The latest Kantar Worldpanel research into product usage shows clear shifts in how often and when consumers eat everything from desserts to sandwiches. The changes mean food and drink manufacturers may need to make rapid changes to the positioning of their products.
Kantar’s head of food and drink consumption team, Nathan Ward, said understanding the evolving needs, states and motivations of shoppers was essential for brands to be able to serve up products for the consumption occasions they demanded.
Ward said that there had been a shift towards simplifying meals in the past four months. This often meant cutting back on the number of ingredients or making tradeoffs such as removing a side dish or condiments from the meal.
“Increasingly for brands, it will be about making a case for why your product needs to be on the plate…why it is essential to the meal. It’s about giving your brand that point of difference,” Ward said.
Desserts are a good example of an area impacted. Kantar data shows they now occupy the lowest share of meals featuring a dessert on record.
“We saw a peak during the pandemic of dessert consumption but we have returned to a longer-term trend of desserts dropping off. In recent months, we have seen it dropping more quickly, a response that appears to tie to economic challenges.”
But that doesn’t mean desserts are completely dead; they are still being consumed outside of meal occasions and being consumed as a single indulgent snack at other times in the day, such as later in the evening. Adjusting products, positioning and pricing will be even more important.
Frozen vegetables on the rise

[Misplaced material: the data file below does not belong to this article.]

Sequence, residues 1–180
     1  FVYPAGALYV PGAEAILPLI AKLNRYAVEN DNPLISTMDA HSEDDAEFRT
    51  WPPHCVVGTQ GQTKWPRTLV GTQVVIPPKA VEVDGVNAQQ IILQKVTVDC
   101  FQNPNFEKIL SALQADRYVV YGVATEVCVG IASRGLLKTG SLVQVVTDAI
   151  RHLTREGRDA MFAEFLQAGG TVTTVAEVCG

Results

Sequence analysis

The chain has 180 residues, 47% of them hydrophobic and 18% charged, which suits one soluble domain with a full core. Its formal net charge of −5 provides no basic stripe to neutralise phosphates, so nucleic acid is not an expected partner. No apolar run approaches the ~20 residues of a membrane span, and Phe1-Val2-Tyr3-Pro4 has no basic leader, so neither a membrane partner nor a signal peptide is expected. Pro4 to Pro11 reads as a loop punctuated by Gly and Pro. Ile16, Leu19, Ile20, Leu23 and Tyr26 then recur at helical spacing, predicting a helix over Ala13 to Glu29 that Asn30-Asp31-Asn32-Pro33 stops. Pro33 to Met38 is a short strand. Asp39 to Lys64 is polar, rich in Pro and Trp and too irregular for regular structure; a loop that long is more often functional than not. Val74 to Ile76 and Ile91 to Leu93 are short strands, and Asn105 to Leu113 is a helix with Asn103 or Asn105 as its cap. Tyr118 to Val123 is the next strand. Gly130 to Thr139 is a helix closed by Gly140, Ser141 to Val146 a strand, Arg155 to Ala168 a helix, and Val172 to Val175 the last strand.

On the healthier side of eating, vegetable consumption is changing. Data over recent months has reflected a rise in frozen and canned vegetables and a decline in fresh vegetables.
“Customers are thinking about how they can make tradeoffs. They want to save money but still eat vegetables. We are particularly seeing this shift in those who tell us they are struggling,” Ward said.
He said frozen vegetables were also increasingly popular as households strived to make the most of their spending and reduce food waste that commonly happened with fresh vegetables.
The humble sandwich is also doing its part to help struggling households.
Kantar’s usage data shows an 8% increase in the proportion of lunches featuring a sandwich between March and October of this year.
“Sandwiches are still the biggest meal in the UK. They are also a good bellwether for how people are reacting to the rising costs.” Leftovers and meat-free meals are also on the rise as shoppers fight for value.
But in a trend that may be counterintuitive, an expected rise in cooking from scratch to save money is yet to play out at scale. Demands for time and convenience likely play a part, but it may also be that intensive home cooking puts pressure on energy bills.
Ward said the data showed a shift towards cooking requiring a single method of cooking, such as a hob, instead of using multiple energy sources.
Whatever the meal or the method, Ward said brands needed to rethink their part in the way people used their products. “It’s about finding and protecting your role in a meal. Know the value you bring and communicate that well. You need to understand how meals are chosen, or not chosen, and then position your product within that dynamic.”
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